"If a rate was withdrawn by a lender, then chances are a similar or even cheaper rate would become available," said Nick Morrey, sales technical director at Coreco
For many borrowers the cost of owning their homes could be going up hundreds of pounds per year and yet many brokers in the industry were not practicing pre the 2007 financial crisis, said Nick Morrey, sales technical director at Coreco – meaning they have never seen what it is like to be a mort-gage broker in a period of rising interest rates.
Morrey said: “If a rate was withdrawn by a lender, then chances are a similar or even cheaper rate would become available.
“Now the heat will start to build as lenders will need to increase rates to meet financial market pricing when current tranches and funding lines dry up. They are also looking to increase margins, even if by 0.05%.”
Mortgage intermediaries often account for over 80% of a lender’s business and lenders will be keen to keep them happy – but they cannot give much notice on product withdrawals or replacement products.
This is because other lenders may be able to take a competitive edge if they find out what their com-petition is about to do and, if an increase is signposted, it can cause a spike of last-minute applications resulting in service issues, outlines Morrey.
He added: “Whether this is good news or bad news for brokers often depends on how they see events unfolding around them.”
To some, the increase in rates and inflation could imply a possible collapse in the housing market or the whole economy. To others this is the start of a great opportunity.
Morrey believes that consumers want to be helped through the often complex world of mortgages, which are a product they do not really want to buy, but have to.
He goes on to explain that with prices going up almost on a daily basis a good broker can provide everything consumers need – speedy, good advice.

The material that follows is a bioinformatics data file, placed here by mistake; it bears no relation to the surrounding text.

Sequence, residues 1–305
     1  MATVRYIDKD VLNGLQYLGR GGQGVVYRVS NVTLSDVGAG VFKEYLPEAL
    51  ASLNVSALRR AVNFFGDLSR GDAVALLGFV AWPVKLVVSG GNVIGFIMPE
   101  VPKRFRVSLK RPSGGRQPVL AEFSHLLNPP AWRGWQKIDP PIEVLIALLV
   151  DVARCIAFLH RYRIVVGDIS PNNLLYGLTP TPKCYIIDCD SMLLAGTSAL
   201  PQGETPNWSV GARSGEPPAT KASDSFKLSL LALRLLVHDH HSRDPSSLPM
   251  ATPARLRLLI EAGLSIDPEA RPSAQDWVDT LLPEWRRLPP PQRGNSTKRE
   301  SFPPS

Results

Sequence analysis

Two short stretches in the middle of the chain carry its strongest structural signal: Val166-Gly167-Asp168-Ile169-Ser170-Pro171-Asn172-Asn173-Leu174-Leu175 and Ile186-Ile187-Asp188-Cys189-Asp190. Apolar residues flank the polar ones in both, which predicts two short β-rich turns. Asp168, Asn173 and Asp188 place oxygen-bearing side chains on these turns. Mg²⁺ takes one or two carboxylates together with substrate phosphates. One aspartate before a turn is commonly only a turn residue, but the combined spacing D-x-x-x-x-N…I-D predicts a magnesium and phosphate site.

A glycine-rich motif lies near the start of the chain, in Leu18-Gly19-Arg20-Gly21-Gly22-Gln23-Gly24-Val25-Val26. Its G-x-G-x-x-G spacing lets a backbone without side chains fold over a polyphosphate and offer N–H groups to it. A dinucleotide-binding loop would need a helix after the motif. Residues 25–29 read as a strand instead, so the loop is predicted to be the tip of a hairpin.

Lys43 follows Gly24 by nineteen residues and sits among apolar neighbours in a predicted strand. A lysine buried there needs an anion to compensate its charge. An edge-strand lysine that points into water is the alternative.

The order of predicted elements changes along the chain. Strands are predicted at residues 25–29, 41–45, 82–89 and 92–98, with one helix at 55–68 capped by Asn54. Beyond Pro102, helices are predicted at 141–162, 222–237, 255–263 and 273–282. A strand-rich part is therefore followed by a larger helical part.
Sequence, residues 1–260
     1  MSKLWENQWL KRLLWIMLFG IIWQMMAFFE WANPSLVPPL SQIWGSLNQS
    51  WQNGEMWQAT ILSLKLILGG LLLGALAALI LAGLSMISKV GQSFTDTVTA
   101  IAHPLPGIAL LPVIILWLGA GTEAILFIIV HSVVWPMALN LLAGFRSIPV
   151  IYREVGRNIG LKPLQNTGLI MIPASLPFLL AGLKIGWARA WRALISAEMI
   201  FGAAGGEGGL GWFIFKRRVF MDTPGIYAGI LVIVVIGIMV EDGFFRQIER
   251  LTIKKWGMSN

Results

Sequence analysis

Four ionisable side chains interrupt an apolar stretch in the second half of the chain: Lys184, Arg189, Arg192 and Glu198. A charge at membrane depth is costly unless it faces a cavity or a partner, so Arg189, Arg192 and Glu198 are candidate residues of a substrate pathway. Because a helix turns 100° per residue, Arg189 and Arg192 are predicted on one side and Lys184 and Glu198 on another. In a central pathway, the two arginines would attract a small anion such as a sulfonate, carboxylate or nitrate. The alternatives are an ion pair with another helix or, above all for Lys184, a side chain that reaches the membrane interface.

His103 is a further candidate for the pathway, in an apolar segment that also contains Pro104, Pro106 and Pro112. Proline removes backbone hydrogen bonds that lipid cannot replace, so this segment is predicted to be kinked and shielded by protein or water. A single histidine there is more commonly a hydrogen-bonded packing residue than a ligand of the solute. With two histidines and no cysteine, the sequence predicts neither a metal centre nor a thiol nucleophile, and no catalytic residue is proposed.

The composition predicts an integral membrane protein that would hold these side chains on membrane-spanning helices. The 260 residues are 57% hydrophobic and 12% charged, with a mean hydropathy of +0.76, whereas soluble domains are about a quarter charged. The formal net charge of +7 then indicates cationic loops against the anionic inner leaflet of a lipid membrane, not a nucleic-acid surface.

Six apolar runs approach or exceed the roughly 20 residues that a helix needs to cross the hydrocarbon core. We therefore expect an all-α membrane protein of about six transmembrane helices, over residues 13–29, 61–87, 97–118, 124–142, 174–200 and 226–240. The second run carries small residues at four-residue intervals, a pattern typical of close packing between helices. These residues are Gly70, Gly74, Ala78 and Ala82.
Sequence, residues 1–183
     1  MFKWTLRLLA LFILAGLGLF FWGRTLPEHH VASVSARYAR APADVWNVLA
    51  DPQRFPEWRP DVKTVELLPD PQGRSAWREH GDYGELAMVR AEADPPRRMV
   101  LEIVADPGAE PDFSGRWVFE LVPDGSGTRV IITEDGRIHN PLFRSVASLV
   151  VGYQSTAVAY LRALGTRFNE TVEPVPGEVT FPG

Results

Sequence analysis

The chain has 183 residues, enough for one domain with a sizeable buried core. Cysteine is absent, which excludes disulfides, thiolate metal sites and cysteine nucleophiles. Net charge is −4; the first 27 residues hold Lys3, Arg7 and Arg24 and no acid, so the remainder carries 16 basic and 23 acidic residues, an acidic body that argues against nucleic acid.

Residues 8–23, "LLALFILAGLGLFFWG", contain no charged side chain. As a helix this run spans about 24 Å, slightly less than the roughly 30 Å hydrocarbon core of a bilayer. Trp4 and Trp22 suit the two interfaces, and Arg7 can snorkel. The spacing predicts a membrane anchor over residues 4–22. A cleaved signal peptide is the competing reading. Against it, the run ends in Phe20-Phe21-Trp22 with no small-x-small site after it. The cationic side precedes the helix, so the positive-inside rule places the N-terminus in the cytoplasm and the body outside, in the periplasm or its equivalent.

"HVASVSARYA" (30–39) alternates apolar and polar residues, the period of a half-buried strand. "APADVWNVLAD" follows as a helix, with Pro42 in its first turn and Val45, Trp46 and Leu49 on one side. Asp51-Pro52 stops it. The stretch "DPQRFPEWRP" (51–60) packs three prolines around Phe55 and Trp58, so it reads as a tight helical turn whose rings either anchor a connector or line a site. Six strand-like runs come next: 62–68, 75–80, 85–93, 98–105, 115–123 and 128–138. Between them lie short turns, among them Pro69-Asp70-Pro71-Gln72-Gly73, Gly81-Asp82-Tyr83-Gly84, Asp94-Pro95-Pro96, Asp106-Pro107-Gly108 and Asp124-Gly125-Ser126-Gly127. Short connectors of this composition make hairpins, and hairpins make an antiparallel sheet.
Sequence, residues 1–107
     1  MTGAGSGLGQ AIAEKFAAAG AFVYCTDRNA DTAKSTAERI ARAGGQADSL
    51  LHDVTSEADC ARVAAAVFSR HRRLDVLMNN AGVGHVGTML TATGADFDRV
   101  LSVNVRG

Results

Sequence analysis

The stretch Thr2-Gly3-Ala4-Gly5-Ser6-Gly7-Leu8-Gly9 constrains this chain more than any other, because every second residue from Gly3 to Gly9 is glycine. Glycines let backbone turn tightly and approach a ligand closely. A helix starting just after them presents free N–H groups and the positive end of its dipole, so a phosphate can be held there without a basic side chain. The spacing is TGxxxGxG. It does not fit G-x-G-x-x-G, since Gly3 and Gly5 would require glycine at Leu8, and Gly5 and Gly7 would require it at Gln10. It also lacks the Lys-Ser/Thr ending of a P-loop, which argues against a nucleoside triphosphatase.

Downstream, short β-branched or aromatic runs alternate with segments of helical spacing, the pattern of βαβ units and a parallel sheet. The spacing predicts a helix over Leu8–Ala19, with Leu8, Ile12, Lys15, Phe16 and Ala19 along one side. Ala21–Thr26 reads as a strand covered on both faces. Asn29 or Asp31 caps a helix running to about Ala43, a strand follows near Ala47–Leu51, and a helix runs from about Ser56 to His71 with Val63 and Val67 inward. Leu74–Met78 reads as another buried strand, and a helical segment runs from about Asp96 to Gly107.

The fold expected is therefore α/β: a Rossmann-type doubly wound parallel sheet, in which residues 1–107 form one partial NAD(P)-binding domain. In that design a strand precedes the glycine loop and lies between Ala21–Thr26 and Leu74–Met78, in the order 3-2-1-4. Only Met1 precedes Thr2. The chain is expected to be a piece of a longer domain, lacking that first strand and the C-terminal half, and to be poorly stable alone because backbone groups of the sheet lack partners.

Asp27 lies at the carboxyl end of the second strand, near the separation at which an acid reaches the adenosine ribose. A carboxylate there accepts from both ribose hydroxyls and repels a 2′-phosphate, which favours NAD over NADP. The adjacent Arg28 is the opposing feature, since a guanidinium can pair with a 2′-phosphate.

Brokers can sometimes go from ‘hello’ to ‘application submitted’ in a matter of hours, said Morrey, which makes them uniquely positioned to help numerous consumers get their products secured for the lowest possible cost at that moment in time.
Morrey added: “A manager of mine once said, or pinched from someone else maybe, ‘There is no such thing as luck in business. It is preparation and opportunity.’
“What he meant is that opportunities constantly arise, but are we prepared to take them when they do? Or do we dither or procrastinate and the opportunity passes us by?”
Clients usually want good advice and an efficient, smooth transaction. They want to know what the best deal is and secure it.
According to Morrey, currently clients want to know they have got what they need before that cost goes any higher.
“Advisers who are prepared and can help them through the process will be successful no matter what happens with the markets,” he added.
Morrey goes on to say that advisers will place cases quickly and get the correct documentation sub-mitted, securing the best deals for their clients and often get referrals without even asking.
He said: “So what can advisers do as rates rise? It all sounds a bit obvious perhaps, but actually doing it requires a bit of application that was maybe not needed in recent years.”
Looking to methods of improving customer service and increasing retention, Morrey said advisers should look at their client bank and contact every client even if their deal does not expire soon.
He added that it is important to make those communications personal to the clients and their individual situations.
Morrey said: “Talk to as many clients as you can rather than email, where possible – a conversation sticks in the mind more than an email quicky deleted.
“Advisers should also have a mortgage payment calculator to hand so they can give a rough estimate of what a client’s payments would be if rates went up 1%, before outlining how you might be able to minimise such an increase.”
Getting familiar with the possible rate switch dates, Morrey also said, is important, adding: “If one lender’s current range of rate switch products and further advance rates is poor, why not look to a remortgage for your client?”
In addition, Morrey outlined that an adviser must consider how long a remortgage offer is valid for as many are now up to six months not three, and that they should consider using a remortgage product with cashback rather than ‘free legals’.
Finally, Morrey said advisers need to be prepared to work out what it would cost to pull out of a cur-rent product and pay the penalties.
He said: “Some borrowers for whom cash flow is a top priority have been pulling out of fixed rates to secure a new, possibly cheaper deal even when they have two years to go – have you looked at that for your clients?”